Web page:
Translocate mammals away from sites of proposed energy developments

How is the evidence assessed?
  • Effectiveness
    not assessed
  • Certainty
    not assessed
  • Harms
    not assessed

Source countries

Key messages

  • Two studies evaluated the effects of translocating mammals away from sites of proposed energy developments. One study was in Brazil and one was in Australia.

COMMUNITY RESPONSE (0 STUDIES)

POPULATION RESPONSE (0 STUDIES)

BEHAVIOUR (2 STUDIES)

  • Behaviour change (2 studies): A study in Brazil found that lesser anteaters translocated away from a hydroelectric development site remained close to release sites while a study in Australia found that at least one out of eight chuditchs translocated from a site to be mined returned to its site of capture.

About key messages

Key messages provide a descriptive index to studies we have found that test this intervention.

Studies are not directly comparable or of equal value. When making decisions based on this evidence, you should consider factors such as study size, study design, reported metrics and relevance of the study to your situation, rather than simply counting the number of studies that support a particular interpretation.

Supporting evidence from individual studies

  1. A study in 1996–1998 of savanna at a hydroelectric development scheme in Goiás, Brazil (Rodrigues et al. 2001) found that translocated lesser anteaters Tamandua tetradactyla remained close to release sites up to at least nine months after release. Anteaters moved 0.3–2.2 km from release sites during tracking periods. The greatest distances between recorded points in each anteater’s range were 0.3–2.6 km. Eight adult lesser anteaters were moved from an area being flooded for a reservoir and were released at the edge of the reservoir (distances from capture to release sites not stated). They were monitored by radio-tracking, over two weeks each month. Animals were monitored for between four days and nine months and were located between two and thirty times in total, between December 1996 and February 1998.

    Study and other actions tested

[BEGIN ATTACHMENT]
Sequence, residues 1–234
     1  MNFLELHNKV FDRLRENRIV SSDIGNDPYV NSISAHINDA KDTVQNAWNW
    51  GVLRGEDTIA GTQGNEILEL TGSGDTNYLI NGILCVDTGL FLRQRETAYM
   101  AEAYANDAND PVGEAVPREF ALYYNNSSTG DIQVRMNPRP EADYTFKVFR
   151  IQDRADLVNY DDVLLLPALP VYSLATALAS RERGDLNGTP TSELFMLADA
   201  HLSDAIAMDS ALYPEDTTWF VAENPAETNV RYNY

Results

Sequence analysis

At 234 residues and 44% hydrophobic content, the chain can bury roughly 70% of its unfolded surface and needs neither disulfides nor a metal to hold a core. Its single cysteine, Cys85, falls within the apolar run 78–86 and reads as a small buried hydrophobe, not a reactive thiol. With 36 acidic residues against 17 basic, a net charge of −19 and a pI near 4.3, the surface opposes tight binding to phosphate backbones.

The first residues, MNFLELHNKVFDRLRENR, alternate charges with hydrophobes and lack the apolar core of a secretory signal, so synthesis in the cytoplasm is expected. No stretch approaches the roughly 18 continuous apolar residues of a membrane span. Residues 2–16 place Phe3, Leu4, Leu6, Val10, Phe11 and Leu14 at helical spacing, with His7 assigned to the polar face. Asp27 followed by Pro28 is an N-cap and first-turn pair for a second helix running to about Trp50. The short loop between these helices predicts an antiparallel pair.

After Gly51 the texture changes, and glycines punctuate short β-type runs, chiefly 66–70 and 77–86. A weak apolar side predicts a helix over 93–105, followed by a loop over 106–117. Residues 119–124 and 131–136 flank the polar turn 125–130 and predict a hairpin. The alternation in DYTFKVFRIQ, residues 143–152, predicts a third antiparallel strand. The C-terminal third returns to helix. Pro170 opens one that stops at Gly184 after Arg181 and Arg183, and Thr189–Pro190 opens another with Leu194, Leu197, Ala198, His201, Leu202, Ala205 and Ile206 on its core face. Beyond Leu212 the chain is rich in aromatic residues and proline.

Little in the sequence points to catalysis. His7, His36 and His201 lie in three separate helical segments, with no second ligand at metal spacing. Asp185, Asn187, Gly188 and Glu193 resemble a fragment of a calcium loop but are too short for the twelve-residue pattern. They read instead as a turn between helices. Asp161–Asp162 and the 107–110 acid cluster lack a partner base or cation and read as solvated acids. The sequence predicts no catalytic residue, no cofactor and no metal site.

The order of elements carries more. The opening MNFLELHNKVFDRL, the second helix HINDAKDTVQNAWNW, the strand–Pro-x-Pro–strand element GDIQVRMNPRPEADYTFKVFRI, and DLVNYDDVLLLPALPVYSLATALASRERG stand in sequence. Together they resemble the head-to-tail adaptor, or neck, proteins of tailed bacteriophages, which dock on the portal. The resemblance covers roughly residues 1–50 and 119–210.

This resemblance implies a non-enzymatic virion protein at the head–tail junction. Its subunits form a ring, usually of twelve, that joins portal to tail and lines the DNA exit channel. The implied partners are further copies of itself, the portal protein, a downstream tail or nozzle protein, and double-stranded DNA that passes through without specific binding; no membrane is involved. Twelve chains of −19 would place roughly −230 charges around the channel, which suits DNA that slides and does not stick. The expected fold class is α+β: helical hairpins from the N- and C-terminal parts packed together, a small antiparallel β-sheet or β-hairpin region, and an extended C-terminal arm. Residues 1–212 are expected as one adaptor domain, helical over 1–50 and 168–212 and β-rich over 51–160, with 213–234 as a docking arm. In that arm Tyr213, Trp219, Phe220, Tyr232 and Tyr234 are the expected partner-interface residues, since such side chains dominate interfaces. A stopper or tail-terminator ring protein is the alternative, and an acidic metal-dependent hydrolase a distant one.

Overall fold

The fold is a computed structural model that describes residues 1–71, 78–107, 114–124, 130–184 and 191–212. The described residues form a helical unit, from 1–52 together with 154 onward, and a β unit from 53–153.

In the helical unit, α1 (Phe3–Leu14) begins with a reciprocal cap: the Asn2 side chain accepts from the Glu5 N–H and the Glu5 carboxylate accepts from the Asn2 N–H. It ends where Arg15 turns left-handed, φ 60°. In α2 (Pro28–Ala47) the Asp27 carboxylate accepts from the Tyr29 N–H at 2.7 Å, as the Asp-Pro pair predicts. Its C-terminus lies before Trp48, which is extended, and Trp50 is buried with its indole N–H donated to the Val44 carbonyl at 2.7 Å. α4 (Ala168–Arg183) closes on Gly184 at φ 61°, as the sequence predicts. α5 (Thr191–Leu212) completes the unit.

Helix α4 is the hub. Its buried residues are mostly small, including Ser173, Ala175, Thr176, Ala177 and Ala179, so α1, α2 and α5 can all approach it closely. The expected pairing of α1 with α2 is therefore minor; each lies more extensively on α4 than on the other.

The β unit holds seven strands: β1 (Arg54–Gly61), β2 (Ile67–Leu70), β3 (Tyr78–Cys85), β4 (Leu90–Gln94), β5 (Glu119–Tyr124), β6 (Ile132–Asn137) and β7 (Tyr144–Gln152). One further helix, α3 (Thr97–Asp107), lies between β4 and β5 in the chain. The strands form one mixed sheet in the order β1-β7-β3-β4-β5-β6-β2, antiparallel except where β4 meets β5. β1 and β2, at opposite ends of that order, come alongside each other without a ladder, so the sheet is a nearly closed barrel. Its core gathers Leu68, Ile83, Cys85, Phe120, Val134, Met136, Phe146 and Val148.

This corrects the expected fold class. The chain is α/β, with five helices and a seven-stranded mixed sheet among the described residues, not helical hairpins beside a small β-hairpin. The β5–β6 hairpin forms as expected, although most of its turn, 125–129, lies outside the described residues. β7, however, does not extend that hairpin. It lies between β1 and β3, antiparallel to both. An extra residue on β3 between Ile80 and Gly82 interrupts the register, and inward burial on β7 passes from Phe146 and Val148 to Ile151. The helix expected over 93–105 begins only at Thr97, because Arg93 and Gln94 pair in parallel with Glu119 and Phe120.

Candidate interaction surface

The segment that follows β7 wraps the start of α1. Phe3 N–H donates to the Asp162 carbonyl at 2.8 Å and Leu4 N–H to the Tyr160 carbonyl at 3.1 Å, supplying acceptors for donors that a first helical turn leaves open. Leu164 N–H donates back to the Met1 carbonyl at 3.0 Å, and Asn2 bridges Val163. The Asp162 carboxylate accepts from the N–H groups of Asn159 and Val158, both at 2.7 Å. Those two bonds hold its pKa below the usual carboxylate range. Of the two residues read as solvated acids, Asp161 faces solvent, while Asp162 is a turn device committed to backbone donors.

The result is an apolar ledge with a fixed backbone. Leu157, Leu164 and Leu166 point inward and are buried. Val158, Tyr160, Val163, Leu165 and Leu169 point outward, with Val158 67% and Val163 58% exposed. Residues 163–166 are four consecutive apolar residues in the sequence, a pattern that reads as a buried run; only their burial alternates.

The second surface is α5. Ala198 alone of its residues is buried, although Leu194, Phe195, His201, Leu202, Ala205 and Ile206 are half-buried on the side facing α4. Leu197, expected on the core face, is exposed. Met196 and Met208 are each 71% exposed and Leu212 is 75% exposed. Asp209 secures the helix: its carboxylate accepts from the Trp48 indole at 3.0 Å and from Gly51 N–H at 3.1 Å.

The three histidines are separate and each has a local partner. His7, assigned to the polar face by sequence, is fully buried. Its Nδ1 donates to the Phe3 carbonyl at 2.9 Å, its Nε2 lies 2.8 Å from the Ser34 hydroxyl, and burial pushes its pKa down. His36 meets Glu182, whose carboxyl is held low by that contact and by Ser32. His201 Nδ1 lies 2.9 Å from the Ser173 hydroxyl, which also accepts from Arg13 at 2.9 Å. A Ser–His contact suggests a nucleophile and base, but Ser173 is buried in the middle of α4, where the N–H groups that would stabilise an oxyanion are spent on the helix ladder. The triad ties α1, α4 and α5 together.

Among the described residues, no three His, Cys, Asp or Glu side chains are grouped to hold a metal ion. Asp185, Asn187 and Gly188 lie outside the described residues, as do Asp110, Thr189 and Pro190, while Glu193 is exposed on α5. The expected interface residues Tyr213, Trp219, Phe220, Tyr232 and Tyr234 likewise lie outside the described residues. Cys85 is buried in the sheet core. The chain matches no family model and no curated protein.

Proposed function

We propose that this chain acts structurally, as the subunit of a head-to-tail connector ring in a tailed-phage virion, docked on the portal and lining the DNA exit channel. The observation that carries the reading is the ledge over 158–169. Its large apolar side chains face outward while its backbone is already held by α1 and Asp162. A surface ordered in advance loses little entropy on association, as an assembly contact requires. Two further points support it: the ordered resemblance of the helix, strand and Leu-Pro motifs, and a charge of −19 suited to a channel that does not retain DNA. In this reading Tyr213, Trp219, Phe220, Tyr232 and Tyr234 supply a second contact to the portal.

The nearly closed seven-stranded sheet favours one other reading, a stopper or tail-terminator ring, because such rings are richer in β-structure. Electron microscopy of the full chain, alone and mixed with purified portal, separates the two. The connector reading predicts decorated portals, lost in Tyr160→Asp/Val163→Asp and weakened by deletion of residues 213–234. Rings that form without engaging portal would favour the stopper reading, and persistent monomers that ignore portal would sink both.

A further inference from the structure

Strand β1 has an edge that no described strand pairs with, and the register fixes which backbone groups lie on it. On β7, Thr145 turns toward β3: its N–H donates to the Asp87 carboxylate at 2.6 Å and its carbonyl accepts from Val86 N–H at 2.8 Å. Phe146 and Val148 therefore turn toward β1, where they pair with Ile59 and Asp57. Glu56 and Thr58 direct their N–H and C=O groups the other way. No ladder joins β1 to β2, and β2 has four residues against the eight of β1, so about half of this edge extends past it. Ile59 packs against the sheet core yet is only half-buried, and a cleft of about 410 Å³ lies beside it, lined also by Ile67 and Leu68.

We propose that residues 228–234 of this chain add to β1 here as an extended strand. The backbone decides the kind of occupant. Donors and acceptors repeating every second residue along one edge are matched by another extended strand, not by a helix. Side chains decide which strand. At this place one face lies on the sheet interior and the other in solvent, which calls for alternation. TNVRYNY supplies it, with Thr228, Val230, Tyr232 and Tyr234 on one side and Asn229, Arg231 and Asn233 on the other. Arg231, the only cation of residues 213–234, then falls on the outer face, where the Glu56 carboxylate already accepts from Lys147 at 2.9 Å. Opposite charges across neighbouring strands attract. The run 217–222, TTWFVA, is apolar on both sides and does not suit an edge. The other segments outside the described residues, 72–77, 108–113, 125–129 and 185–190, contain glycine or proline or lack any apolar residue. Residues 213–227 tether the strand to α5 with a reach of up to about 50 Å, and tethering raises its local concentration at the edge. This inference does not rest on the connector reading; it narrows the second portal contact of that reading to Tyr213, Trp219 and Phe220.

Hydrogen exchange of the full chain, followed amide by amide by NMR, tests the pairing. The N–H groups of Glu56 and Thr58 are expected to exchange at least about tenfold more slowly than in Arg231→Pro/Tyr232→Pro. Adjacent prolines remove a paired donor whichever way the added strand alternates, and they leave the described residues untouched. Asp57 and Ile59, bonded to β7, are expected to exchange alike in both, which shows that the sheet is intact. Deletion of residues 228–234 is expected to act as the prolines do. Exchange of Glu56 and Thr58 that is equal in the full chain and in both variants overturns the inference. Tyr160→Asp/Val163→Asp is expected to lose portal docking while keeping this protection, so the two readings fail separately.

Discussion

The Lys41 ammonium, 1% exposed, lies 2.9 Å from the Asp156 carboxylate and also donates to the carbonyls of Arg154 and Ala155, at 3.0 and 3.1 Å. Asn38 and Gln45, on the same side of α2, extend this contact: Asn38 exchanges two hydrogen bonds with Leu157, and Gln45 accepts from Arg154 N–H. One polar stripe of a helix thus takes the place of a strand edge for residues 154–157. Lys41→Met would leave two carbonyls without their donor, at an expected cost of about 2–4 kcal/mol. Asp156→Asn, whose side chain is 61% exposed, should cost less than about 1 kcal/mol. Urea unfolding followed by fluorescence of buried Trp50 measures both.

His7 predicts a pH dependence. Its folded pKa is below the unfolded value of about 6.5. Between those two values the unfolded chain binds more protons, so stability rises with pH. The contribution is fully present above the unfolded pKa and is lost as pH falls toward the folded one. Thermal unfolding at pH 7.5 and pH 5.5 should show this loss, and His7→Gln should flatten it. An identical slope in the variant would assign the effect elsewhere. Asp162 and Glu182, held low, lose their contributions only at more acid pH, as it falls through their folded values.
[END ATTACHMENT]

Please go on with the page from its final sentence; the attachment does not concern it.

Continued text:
2. A study in 2016 in a forest site in Western Australia, Australia (Cannella & Henry 2017) found that following translocation away from an area being cleared for mining, at least one out of eight chuditchs Dasyurus geoffroii returned to its area of capture. Out of eight translocated chuditchs, one was recaptured, 12 days after release, close to the initial capture site. Its recapture site was 13.5 km from the release point and 1 km from the original capture location. Between first capture and recapture, the individual had lost 13% of its body weight but was otherwise in good condition. In January–March 2016, eight chuditchs were live-trapped across four 53–73-ha woodland plots about to be cleared for mining. Chuditchs were marked with PIT-tags and released in a forest area, approximately 14 km away (linear distance). No details are provided about the release procedures or about post-release monitoring.

    Study and other actions tested
Please cite as:

Littlewood, N.A., Rocha, R., Smith, R.K., Martin, P.A., Lockhart, S.L., Schoonover, R.F., Wilman, E., Bladon, A.J., Sainsbury, K.A., Pimm S. and Sutherland, W.J. (2020) Terrestrial Mammal Conservation: Global Evidence for the Effects of Interventions for terrestrial mammals excluding bats and primates. Synopses of Conservation Evidence Series. University of Cambridge, Cambridge, UK.

Where has this evidence come from?

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Terrestrial Mammal Conservation

This Action forms part of the Action Synopsis:

Terrestrial Mammal Conservation
Terrestrial Mammal Conservation

Terrestrial Mammal Conservation - Published 2020

Terrestrial Mammal Conservation

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